A June 24 CNSNews.com article by Terry Jeffrey highlights an interview Jeffrey did with constitutional scholar Louis Fisher, in which he claimed that there is "a concentration of power in the president which is not constitutional." Focusing on President Obama's launching of military action in Libya without obtaining congressional approval first, Fisher said: "I’m not going to recommend that the House Judiciary Committee hold impeachment hearings. But I would like members of Congress and the public to say that nothing would be more impeachable than a president who takes the country to war without coming to Congress, who does it unilaterally."
Curiously omitted from Jeffrey's article on the Fisher interview was any mention of President Bush. Why is that curious? Because Fisher has written an entire book focused on expansion of presidenial power under Bush.
From the description of Fisher's book "The Constitution and 9/11: Recurring Threats to America’s Freedoms" by its publisher the University of Kansas Press:
Distilling more than two centuries of history into a panoramic and compelling narrative, Fisher chronicles the longstanding tension between protecting our constitutional rights and safeguarding national security, from the Whiskey Rebellion to the McCarthy hearings to George W. Bush’s “War on Terror.” Along the way, he raises crucial questions regarding our democracy’s ongoing tug-of-war between secrecy and transparency, between expediency and morality, and between legal double-talk and the true rule of law.
Fisher focuses especially on how the Bush administration’s responses to 9/11 have damaged our constitutional culture and values, threatened individual liberties, and challenged the essential nature of our government’s system of checks and balances. His close analysis of five topics—the resurrection of military tribunals, the Guantánamo detainees, the state secrets privilege, NSA surveillance, and extraordinary rendition—places into sharp relief the gradual but relentless erosion of fundamental rights along with an enormous expansion and concentration of presidential power in the post-9/11 era.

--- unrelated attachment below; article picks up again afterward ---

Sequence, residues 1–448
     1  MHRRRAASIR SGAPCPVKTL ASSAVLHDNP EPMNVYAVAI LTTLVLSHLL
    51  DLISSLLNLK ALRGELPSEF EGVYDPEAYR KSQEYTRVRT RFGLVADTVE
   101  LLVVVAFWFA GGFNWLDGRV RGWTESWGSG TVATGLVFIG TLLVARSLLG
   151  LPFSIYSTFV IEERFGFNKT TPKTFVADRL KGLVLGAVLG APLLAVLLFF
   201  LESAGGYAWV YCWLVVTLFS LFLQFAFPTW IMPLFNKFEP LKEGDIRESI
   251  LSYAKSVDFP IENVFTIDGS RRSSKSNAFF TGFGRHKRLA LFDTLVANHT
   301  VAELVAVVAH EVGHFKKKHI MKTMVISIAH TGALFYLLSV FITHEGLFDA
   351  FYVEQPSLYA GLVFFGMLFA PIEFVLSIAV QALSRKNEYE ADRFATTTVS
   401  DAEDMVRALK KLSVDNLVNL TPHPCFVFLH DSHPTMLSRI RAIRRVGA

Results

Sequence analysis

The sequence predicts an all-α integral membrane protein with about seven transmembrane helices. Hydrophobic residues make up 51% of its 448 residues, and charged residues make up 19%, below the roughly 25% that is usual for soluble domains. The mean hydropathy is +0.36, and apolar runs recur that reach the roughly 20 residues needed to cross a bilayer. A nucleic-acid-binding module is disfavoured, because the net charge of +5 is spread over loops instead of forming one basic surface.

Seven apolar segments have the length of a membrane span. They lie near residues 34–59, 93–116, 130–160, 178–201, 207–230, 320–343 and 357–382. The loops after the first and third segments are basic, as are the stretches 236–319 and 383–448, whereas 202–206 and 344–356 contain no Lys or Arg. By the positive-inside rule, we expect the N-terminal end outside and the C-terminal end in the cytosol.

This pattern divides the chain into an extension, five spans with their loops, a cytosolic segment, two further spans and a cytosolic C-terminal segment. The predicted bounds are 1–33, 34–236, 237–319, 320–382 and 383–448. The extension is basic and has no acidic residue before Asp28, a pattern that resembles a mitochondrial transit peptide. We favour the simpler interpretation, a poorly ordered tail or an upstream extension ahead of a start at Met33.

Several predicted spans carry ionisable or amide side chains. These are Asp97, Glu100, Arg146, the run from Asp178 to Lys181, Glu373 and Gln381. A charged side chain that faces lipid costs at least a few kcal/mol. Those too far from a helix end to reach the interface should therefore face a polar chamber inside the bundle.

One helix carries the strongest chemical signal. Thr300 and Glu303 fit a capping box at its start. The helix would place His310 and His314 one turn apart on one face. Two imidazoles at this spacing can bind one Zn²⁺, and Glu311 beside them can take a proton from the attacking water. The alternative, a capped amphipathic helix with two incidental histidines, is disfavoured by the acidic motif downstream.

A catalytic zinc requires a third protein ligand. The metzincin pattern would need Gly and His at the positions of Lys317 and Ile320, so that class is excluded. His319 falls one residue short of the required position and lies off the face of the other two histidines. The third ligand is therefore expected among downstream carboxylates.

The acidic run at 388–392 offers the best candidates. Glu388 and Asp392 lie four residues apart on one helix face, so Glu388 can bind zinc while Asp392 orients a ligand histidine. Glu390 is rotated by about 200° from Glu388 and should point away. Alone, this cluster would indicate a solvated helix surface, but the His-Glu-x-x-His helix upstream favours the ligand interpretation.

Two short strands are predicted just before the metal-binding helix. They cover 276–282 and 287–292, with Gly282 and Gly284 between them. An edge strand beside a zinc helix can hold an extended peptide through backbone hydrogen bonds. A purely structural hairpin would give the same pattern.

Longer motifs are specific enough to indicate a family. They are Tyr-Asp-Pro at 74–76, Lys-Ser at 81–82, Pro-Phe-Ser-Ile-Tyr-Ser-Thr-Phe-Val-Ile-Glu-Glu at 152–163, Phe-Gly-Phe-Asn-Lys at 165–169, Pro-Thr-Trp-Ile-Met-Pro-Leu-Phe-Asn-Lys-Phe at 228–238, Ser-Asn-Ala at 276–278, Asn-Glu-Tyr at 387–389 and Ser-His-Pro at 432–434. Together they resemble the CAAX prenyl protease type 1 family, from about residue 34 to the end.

Further, the Fisher book discussed during the interview, "Presidential War Power," also addresses the subject of Bush. From a review of Fisher's book at the Law & Politics Book Review:
In the case of the recent Iraq War, Fisher argues that George W. Bush effectively manipulated Congress by pushing through a resolution just before a mid-term election and before developments in Iraq had ripened. Fisher suggests that Congress should have waited until after the election and until the UN Security Council had considered the matter. He points to the contrasting circumstances of the 1991 Persian Gulf War, when Congress did not act until after the UN and after opening its new session in January. This example is hardly reassuring, however, since the 1991 vote came too late in the day, just before the January 15th deadline for Iraqi capitulation set by George Bush, Sr. By that time it appeared to observers such as myself that America’s commitment to military action was a foregone conclusion. (George H. W. Bush, like his son, denied that he needed congressional approval.) In order to be effective, Congress needs to act with deliberation but before presidential initiatives have all but decided the issue. The historical record does not offer much support for this possibility.
In the 33-minute video of Jeffrey's interview with Fisher, the majority is spent discussing the historical background of presidential war powers. Jeffrey then said, making a 200-year leap over Bush: "Let me kind of make a jump from John Adams and the Congress of the late 1790s to today. If Congress in -- if the president of the United States and Congress in the late 1790s, a decade after the Constitution was written and ratified, believed that the Congress must authorize the president even to allow action against a French ship on the high seas, is that analogous to the president needing an authorization of Congress now to take action against Moammar Gadhafi in Libya?"
Even Fisher himself seems to consciously skip over Bush, at one point stating that "after World War II we had moved to a situation of Truman going to war on his own, never coming to Congress, Clinton repeatedly using military force, and we are to me acting unconstitutionally."
It's not until nearly 30 minutes into the 33-minute video that Jeffrey asked Fisher about Bush. Jeffrey said that Bush went to Congress for authorization for war in both Afghanistan and Iraq, then added, "Do you believe that the genie was being put back in the bottle at that point, that whether or not George W. Bush wanted to go to Congress, the fact that he did and he got the authorization was starting to recontstruct an original understanding of the Constitution?" Fisher responding that while Bush "did a lot of things unilaterally," he did indeed go to Congress regarding Iraq and Afghanistan. And then they moved on to whether Obama's actions were impeachable.
Even that little snippet of discussion didn't make Jeffrey's article.
It's absurd for Jeffrey and Fisher to discuss alleged abuses of presidential war powers by Obama without having anything beyond a perfunctory conversation about the actions of Obama's immediate predecessor.